But actually using what I learned? If a pointer was wrong, it resulted in unexpected behavior, memory corruption, freezes, etc. I didn’t have a debugger, an emulator, etc. I had notepad, the barebones compiler, and my calculator.

Also, iterating meant changing my code, recompiling, factory resetting my calculator (removing the battery for 30+ sec) because bugs usually froze it or corrupted something, then transferring the new program over, and finally running it. It was soo slowwwww. But I made steady progress.

Painful learning experience? Check.
Pointer hell? Absolutely.

  • 1
    Pointer for Pointers, and you will feel you are creating black holes in your code. Felt you all the way.
  • 1
    I remember seeing classmates playing mario on the big screen calculator and to me that was sorcery! How could they take mario out of a nintendo machine??? That was bleasphemy to my 13 year old “brain” thing! Years later, I learned the magic behind the sacred glowing box
  • 0
    I've always found pointers rather simple and intuitive. Heck, even pointers to pointers aren't that difficult once you understand simple pointers. Given, of course, that one has the required knowledge to understand them at least a bit, which you clearly didn't have at the time.

    Memory management is another story. Easy to understand, easier to fuck up.

    I'm curious, how did it felt when you finally "got it", when suddenly pointers and data structures weren't just amorphous beasts anymore and became tools and knowledge ?
  • 0
    @pipe Totally agreed.

    Pointers …
    Since I didn’t learn them the usual way, I’m not really sure I had a relatable Aha! moment.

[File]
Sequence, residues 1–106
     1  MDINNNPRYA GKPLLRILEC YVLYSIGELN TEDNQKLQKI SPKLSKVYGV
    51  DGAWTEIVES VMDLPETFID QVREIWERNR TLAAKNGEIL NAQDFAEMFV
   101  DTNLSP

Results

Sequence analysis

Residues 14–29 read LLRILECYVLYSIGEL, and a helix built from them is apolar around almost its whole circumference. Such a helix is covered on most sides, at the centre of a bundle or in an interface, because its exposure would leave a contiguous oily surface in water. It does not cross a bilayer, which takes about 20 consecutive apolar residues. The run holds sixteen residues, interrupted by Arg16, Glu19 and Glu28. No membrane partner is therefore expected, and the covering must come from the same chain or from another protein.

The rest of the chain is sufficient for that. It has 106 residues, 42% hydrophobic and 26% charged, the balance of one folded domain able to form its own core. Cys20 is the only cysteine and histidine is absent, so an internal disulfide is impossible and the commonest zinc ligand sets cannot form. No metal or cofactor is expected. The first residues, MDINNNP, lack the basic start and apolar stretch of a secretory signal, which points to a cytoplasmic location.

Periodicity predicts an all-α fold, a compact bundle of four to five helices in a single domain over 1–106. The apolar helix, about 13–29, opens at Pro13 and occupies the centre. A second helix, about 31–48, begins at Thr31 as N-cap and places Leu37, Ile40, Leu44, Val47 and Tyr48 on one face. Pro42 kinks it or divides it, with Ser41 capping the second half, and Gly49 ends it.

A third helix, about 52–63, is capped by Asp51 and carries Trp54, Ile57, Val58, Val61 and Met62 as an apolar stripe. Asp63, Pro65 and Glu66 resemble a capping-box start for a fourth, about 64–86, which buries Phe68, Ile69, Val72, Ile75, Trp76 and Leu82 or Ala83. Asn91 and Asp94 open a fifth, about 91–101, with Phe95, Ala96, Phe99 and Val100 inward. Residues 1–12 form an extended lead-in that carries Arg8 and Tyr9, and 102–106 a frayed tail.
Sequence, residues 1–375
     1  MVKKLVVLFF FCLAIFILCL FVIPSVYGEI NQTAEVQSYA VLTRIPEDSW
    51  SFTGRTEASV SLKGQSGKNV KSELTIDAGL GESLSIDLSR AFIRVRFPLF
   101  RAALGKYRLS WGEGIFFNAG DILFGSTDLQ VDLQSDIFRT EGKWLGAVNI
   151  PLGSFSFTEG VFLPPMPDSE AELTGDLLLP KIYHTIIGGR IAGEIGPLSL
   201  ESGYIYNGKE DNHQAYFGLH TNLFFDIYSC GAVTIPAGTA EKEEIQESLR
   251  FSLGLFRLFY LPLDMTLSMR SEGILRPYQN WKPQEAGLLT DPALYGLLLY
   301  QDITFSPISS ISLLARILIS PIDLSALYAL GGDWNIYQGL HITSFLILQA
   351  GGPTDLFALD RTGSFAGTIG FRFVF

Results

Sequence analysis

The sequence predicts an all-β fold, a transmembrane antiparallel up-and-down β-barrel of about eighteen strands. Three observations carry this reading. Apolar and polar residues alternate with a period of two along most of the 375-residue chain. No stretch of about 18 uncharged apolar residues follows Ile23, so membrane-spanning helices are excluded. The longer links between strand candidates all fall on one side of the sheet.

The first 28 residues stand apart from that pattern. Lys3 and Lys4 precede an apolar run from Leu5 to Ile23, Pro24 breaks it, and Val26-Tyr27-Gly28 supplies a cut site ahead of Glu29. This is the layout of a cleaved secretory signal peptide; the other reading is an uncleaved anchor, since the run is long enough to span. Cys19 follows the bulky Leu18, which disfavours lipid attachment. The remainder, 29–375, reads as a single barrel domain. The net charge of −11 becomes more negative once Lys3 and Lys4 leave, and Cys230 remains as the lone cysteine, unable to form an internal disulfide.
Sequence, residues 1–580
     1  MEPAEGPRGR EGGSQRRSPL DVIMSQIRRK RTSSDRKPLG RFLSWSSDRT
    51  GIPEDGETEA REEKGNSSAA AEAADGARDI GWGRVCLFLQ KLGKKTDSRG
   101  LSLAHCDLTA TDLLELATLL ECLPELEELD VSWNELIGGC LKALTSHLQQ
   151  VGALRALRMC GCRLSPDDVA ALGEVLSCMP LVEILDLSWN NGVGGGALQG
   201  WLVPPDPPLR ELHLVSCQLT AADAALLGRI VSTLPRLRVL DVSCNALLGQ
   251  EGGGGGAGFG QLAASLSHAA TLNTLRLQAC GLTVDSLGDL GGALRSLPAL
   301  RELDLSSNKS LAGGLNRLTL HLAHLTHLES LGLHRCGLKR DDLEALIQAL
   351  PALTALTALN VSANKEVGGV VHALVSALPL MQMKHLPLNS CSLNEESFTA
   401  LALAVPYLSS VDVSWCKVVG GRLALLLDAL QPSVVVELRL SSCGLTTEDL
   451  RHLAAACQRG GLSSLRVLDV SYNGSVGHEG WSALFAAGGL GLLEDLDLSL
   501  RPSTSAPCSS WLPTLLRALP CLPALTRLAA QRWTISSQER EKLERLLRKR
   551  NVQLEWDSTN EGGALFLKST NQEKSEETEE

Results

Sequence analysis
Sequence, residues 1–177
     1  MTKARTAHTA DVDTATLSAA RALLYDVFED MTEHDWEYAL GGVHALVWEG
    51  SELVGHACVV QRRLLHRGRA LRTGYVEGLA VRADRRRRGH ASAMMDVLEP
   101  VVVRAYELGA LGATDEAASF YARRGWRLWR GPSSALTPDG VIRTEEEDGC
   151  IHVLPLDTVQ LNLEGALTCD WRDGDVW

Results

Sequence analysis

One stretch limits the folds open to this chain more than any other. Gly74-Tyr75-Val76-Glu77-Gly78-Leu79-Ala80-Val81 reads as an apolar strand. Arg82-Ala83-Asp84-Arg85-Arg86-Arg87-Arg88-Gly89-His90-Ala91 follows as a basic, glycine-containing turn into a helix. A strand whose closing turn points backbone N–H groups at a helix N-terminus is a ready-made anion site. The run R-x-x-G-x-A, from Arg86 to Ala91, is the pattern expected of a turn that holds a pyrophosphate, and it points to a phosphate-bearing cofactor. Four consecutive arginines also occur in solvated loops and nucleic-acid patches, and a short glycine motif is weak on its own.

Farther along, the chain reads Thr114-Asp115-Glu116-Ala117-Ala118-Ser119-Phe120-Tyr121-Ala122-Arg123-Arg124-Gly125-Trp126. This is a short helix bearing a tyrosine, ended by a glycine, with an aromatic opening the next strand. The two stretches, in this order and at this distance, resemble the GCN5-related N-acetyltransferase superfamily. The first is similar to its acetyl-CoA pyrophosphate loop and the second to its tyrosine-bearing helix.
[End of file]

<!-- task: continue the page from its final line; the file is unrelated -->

They’re pretty easy to understand in assembly. Literally the difference between “ax” and “(ax)”. The difficulty is keeping track of them, knowing what areas are of off limits, etc.

    I figured out pretty quickly that they were just the addresses of a byte in memory. (The z80 is 8bit with only one 16bit register (HL), and both halves of it are individually addressable, too, so “byte” is actually accurate).

    It was much more of a surprise when I figured out I could keep more than a single byte there and just do math on the pointer… and then that I could put more pointers a few bytes later on! It was a bit like taking areas of land and building things on them. But I more see these as discreet objects that link together kind of like puzzle pieces?

    But I started using these areas of memory for storing settings, and later things like game items with attributes. Years later when I was learning C, I discovered I had been implementing structs and complex linked lists :)

    You’re right about memory management though: I only had about 27k to work with, and this included my own code. If I wanted to get rid of an area in memory, like an item or mob in a game, I had to figure out a way of tracking which were now “deleted” so I could reuse that space later. So I wrote a basic malloc…. which uses its own linked list, which is dynamic in size, needs a lot of room to expand, … all in assembly, iterating slowly with no debugger, etc.